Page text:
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  • On Dartford Heath is a lunatic asylum of the London County Council, and, at Long Reach, the infectious diseases hospital of the Metropolitan Asylums Board.

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  • (d) To notify all new diseases of plants which may appear in any part of the world, indicating the districts affected, the spread of the disease, and, if possible, the efficacious means of resistance.

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  • To account for this it is said that the blood of the race has become poisoned by the introduction of foreign diseases.

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  • Numbers also die from diseases produced apparently from overcrowding.

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  • The waters of Kissingen are prescribed for both internal and external use in a great variety of diseases.

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  • It was observed by the animal magnetists at the beginning of the 19th century in France and Germany, that certain of their subjects, when in the "magnetic" trance, could foretell accurately the course of their diseases, the date of the occurrence of a crisis and the length of time needed to effect a cure.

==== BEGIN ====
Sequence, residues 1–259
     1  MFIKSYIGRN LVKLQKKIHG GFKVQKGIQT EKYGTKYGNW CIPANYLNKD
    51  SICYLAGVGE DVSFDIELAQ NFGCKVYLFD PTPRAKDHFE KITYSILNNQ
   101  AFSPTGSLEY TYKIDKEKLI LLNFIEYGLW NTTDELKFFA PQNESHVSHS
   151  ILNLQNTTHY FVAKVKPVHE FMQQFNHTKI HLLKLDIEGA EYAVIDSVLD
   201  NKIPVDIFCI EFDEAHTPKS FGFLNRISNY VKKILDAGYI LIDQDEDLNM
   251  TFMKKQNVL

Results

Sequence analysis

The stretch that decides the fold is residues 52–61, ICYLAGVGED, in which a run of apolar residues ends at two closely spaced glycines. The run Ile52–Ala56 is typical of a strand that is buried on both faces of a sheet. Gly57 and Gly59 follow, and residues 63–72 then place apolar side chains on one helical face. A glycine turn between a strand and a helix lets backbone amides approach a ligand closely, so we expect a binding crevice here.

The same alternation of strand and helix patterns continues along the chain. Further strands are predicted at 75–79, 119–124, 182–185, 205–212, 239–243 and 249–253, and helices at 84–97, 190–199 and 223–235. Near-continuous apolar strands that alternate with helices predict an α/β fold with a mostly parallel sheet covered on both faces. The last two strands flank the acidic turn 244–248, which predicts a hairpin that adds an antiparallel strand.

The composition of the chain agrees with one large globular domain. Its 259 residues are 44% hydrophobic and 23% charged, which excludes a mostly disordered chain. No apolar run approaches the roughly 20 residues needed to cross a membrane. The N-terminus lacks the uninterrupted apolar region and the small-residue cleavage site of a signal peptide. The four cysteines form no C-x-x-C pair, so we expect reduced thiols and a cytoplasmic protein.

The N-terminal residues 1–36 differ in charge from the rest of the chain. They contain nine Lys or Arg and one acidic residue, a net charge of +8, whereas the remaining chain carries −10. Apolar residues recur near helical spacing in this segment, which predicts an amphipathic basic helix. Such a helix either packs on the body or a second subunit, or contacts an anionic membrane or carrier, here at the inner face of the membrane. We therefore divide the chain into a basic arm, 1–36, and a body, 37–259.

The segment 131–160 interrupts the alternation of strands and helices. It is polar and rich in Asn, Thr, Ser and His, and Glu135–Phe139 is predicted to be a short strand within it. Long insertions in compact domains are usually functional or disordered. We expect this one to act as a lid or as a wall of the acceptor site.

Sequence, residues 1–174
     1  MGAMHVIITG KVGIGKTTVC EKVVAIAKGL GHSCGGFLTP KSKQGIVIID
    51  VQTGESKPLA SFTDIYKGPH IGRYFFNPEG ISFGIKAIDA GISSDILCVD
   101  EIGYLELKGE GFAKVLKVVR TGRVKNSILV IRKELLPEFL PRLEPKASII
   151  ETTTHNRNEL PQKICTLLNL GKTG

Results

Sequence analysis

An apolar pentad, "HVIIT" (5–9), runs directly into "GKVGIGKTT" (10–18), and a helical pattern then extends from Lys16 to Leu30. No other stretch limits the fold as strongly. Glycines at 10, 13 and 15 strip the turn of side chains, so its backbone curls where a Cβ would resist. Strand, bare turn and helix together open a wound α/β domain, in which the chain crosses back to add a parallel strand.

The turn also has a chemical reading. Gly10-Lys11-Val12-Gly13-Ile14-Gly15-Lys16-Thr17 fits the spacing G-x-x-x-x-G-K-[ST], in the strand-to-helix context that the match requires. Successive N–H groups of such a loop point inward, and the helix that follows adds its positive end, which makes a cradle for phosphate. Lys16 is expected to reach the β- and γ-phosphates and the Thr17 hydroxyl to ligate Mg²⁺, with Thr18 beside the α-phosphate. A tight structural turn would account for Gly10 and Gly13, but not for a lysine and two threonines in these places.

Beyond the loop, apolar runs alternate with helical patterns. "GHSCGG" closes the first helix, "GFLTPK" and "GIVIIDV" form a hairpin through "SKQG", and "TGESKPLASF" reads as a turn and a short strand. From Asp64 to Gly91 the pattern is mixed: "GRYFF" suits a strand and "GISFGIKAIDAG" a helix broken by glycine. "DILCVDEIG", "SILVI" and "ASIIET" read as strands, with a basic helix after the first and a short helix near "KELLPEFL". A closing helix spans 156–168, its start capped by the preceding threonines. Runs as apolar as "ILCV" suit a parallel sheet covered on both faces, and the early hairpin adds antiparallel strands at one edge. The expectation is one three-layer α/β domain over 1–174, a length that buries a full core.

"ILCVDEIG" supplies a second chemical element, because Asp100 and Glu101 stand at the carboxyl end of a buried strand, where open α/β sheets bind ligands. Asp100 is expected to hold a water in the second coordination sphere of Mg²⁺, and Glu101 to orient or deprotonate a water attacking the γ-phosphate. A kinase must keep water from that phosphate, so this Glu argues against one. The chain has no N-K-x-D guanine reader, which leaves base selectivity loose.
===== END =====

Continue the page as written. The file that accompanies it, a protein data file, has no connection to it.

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  • And with certain cutaneous diseases accompanied by constitutional disturbances which afflict cattle, the affection in the skin appears on the patches bearing white hairs, the other parts remaining apparently healthy.

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  • The Greek myth (Hesiod, Works and Days, 90) alleged that mortals lived "without ill diseases that give death to men" till the cover was lifted from the box of Pandora.

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  • The effects of badly-executed pruning, or rather hacking, are most noticeable in the case of forest trees, the mutilation of which often results in rotting, canker and other diseases.

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  • Potato haulms, and club-rooted cabbage crops should, however, never be mixed with ordinary clean vegetable refuse, as they would be most likely to perpetuate the terrible diseases to which they are subject.